As part of the scientific peer review, all applications will receive a written critique.

      Applications may undergo a selection process in which only those applications deemed to have the highest scientific and technical merit (generally the top half of applications under review) will be discussed and assigned an overall impact score.

      Appeals of initial peer review will not be accepted for applications submitted in response to this NOFO.

      Applications will be assigned to the appropriate NIH Institute or Center. Applications will compete for available funds with all other recommended applications submitted in response to this NOFO. Following initial peer review, recommended applications will receive a second level of review by the appropriate National Advisory Council or Board. The following will be considered in making funding decisions:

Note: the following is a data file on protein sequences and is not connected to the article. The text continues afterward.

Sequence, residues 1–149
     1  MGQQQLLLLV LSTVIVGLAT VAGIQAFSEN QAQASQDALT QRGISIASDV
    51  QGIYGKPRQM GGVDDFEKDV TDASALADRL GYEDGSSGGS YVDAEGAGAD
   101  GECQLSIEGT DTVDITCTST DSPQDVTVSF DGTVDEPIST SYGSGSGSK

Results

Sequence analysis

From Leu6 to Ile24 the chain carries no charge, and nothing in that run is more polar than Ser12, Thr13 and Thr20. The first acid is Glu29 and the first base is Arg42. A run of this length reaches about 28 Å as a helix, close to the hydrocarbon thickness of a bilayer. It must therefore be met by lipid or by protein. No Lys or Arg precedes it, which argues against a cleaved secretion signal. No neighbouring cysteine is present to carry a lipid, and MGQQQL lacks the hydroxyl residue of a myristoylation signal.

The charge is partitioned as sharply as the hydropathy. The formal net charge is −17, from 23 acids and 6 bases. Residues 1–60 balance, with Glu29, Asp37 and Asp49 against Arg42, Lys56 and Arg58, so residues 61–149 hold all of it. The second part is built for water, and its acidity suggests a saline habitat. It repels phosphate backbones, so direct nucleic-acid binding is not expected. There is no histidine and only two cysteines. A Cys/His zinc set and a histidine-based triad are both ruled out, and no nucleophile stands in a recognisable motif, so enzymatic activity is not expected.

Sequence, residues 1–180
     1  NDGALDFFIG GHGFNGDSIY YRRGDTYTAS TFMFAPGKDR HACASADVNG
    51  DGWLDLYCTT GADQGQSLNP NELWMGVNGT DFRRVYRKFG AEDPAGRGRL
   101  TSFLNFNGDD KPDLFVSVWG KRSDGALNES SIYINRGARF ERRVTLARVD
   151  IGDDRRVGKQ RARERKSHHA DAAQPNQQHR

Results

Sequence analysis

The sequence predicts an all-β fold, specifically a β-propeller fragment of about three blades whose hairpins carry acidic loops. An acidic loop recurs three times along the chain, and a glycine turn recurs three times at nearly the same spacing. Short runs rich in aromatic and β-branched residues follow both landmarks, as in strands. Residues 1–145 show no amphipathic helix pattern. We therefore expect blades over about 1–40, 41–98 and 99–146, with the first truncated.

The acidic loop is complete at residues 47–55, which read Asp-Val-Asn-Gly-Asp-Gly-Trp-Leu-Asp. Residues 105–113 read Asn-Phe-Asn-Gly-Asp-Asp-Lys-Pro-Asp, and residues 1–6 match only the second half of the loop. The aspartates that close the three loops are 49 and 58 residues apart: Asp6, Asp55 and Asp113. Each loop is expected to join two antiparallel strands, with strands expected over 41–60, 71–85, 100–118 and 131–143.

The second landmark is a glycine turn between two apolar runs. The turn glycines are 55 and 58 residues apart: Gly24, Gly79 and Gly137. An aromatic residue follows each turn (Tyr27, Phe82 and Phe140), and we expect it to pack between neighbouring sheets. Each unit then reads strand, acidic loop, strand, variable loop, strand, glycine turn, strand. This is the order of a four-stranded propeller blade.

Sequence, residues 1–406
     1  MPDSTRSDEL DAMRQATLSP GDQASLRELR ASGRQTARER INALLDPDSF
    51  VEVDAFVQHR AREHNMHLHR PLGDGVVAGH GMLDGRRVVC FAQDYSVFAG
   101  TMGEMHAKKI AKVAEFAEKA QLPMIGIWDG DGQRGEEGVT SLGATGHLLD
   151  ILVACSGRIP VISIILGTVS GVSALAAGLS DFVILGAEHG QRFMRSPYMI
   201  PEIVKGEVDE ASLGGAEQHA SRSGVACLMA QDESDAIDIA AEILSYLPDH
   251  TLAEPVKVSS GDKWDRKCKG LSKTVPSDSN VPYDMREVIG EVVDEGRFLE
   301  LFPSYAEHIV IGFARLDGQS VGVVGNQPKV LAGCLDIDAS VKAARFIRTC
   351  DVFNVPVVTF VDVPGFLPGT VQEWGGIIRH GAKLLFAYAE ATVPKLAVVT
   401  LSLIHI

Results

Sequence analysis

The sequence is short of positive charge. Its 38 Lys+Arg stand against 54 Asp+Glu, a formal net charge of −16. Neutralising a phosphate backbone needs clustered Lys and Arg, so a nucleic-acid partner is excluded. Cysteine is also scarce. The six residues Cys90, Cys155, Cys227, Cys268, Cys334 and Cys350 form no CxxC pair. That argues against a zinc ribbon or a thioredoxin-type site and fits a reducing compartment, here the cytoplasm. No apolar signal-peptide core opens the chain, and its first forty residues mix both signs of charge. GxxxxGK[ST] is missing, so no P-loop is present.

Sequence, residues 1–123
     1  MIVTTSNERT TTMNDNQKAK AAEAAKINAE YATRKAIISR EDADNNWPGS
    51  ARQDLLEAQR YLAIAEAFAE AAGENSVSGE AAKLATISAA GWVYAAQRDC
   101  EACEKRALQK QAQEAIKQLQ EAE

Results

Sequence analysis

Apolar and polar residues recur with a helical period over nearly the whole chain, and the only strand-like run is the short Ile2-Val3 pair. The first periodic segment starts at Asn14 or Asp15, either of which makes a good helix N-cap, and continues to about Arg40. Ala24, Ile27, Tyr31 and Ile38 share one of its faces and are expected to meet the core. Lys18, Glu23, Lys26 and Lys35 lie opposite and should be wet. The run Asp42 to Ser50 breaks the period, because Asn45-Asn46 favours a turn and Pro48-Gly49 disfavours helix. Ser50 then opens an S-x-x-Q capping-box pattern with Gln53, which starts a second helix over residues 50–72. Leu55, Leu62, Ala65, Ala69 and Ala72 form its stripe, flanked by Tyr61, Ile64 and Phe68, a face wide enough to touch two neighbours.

• Scientific and technical merit of the proposed project as determined by scientific peer review.
      • Availability of funds.
      • Relevance of the proposed project to program priorities including the PEDP.

      3. Anticipated Announcement and Award Dates

      After the peer review of the application is completed, the PD/PI will be able to access his or her Summary Statement (written critique) via the eRA Commons. Refer to Part 1 for dates for peer review, advisory council review, and earliest start date.

      Information regarding the disposition of applications is available in the NIH Grants Policy Statement Section 2.4.4 Disposition of Applications.

      Section VI. Award Administration Information

      1. Award Notices

      If the application is under consideration for funding, NIH will request "just-in-time" information from the applicant as described in the NIH Grants Policy Statement.

      A formal notification in the form of a Notice of Award (NoA) will be provided to the applicant organization for successful applications. The NoA signed by the grants management officer is the authorizing document and will be sent via email to the recipient's business official.